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Rediscovering Potential of Dairy Co-Operatives in Eastern India
India is the world’s largest producer of milk, with 22 per cent of global production. According to NDDB Report 2018-19, India produced 187.7 MT of milk with per capita availability of 394 g/day. The dairy sector contributes 27 per cent of agriculture GDP and 67 per cent of the total output of the Livestock Sector, thus providing livelihood opportunity to 70 million households. Much of the success of the ‘White Revolution’ in India is attributed to the co-operative framework of dairy development strategies. After operation flood programme, even though India has stood self-sufficient in milk production, but milk production throughout the states in India is not uniformly distributed and therefore, there are huge demand and supply gap of milk and milk products in few states of Eastern India. Due to lack of proper infrastructure for dairy processing and manufacturing of milk and milk products, poor quality of milch cattle and buffalo breeds and lack of dairy services have posed challenged for dairy development. Less participation of dairy farmers in organized sectors like dairy co-operatives creates instability in the farm income for the dairy farmers. Several studies suggest that farmers’ participation in dairy co-operatives has resulted in a significant increase in milk production and productivity and has reduced per-unit cost of milk production thereby enabling them to achieve higher output prices, reduced transaction costs and increased profits. Therefore, dairy co-operatives can play instrumental role in harnessing the potential of the dairy sector in Eastern States of India.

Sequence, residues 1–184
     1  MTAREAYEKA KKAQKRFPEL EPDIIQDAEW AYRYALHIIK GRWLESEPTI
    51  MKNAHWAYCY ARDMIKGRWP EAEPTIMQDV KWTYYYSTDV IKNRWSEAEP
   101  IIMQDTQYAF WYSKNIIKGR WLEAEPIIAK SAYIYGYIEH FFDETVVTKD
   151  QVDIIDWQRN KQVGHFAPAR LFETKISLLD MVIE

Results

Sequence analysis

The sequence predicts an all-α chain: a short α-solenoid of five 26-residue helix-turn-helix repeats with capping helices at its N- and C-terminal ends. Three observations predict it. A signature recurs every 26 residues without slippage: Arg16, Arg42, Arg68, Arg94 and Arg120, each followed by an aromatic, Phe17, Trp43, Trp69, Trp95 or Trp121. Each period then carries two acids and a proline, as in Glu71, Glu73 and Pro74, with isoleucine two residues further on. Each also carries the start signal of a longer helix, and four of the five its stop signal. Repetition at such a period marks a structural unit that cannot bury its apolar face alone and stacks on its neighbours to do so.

Milk, Production, Dairy, Farmers.
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